Venezuela, Colombia strain to patch over tensions
The presidents of Venezuela and Colombia on Monday strained to paper over tensions laid bare by the disputed election of Hugo Chavez’s handpicked successor earlier this year.
Colombian President Juan Manuel Santos infuriated Venezuelan President Nicolas Maduro when he hosted the opposition candidate who had challenged Maduro’s electoral victory in April.
The dispute over the election came after years of often tense relations between the two countries. Colombia is the closest US ally in the region, while Venezuela under Chavez championed a resurgent left and slammed US “imperialism.”
But on Monday Maduro insisted that despite the differences between the countries’ “two systems” - Colombia’s market-based economy and Venezuela’s socialist populism -- “the only way forward we have is peace and prosperity.”
Though welcomed with military pomp in the steamy river town of Puerto Ayacucho, Santos made no public remarks during the visit.
But once back on his country’s side of the river in Puerto Carreno, Santos said he hoped the neighbours would work together “united ... on some rules of the game.” He did not offer further details.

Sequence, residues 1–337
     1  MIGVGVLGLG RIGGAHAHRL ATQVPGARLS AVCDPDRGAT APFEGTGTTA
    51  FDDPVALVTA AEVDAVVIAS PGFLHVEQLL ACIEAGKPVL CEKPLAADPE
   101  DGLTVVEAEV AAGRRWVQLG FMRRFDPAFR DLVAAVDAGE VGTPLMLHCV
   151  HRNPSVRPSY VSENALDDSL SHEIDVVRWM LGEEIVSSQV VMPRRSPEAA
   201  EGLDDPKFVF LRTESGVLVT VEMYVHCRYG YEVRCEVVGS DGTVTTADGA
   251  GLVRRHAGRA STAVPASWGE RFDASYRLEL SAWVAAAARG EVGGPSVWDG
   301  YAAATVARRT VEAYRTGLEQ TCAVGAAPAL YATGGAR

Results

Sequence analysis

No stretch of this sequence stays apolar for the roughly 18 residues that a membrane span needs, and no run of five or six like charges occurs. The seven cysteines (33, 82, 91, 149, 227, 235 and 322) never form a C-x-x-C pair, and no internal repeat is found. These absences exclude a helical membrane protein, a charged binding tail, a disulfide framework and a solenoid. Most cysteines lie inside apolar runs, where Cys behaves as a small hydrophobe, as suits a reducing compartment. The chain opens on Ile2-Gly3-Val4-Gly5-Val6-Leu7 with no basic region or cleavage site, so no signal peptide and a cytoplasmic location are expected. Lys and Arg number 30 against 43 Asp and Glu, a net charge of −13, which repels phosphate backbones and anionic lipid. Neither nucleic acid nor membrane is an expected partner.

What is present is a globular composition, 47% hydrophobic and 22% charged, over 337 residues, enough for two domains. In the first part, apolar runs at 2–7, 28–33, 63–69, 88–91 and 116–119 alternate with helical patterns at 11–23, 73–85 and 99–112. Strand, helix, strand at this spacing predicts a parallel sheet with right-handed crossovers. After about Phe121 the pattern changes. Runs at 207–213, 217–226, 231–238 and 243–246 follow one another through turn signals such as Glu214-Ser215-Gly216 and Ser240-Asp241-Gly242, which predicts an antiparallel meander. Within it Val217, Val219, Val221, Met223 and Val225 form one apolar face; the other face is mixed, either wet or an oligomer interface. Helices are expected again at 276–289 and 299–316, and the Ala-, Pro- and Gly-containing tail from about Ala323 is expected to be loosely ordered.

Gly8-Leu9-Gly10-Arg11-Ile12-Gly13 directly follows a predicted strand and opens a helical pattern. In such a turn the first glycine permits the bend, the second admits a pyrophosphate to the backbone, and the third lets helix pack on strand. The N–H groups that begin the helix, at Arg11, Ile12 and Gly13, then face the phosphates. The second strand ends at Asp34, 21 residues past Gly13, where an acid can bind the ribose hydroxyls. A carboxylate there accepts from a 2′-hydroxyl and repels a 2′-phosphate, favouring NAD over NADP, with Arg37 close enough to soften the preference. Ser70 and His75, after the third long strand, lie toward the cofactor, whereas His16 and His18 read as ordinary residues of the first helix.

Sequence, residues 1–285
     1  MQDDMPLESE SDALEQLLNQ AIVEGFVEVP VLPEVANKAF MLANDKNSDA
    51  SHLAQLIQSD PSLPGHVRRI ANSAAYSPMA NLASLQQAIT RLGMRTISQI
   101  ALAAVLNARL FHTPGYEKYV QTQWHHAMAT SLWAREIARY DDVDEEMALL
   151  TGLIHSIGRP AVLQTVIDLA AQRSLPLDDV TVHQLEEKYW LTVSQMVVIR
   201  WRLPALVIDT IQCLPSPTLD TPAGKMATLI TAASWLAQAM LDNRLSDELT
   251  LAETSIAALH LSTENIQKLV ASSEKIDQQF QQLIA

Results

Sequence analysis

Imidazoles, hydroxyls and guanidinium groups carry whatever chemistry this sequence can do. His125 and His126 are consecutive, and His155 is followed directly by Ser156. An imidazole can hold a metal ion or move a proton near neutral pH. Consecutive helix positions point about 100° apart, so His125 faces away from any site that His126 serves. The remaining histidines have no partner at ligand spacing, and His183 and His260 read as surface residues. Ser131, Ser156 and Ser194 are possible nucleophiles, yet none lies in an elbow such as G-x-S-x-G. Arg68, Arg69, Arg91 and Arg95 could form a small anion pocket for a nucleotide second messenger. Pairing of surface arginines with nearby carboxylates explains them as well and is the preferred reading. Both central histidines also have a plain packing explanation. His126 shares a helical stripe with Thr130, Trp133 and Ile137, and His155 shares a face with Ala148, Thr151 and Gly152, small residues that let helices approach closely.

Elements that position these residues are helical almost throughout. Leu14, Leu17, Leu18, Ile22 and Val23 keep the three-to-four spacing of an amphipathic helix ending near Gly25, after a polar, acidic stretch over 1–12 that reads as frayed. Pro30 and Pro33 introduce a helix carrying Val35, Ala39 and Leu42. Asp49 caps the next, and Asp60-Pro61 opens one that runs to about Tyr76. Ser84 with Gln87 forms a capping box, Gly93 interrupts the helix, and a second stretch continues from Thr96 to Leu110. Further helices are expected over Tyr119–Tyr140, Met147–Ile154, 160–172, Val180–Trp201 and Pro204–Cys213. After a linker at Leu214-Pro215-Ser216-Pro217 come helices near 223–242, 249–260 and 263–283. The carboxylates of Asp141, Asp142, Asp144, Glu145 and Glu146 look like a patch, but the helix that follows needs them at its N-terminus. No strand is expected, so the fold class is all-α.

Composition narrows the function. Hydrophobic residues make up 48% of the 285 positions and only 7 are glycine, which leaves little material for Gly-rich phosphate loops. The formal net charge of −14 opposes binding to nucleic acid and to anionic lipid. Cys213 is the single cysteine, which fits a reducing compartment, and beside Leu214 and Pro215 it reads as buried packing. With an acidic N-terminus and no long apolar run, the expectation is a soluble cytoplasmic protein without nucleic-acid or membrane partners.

Venezuela’s Foreign Minister Elias Jaua had told reporters the meeting would be a resetting of bilateral relations, but Santos’s brief remarks indicated that tensions remain high.
Colombia is trying to negotiate an end to Latin America’s longest-running insurgency and is keen to insure that Venezuela keeps its distance from left-wing Farc rebels.
Maduro said on Monday he supports the peace process and that the resolution of the half-century-old conflict would bring “supreme happiness.”
US President Barack Obama has yet to acknowledge the razor-thin victory of Maduro in the April 14 presidential election, held weeks after Chavez succumbed to a two-year battle with cancer.
Opposition candidate Henrique Capriles, who met with Santos in May, has vowed to contest the vote in international forums and has been touring the region trying to rally support.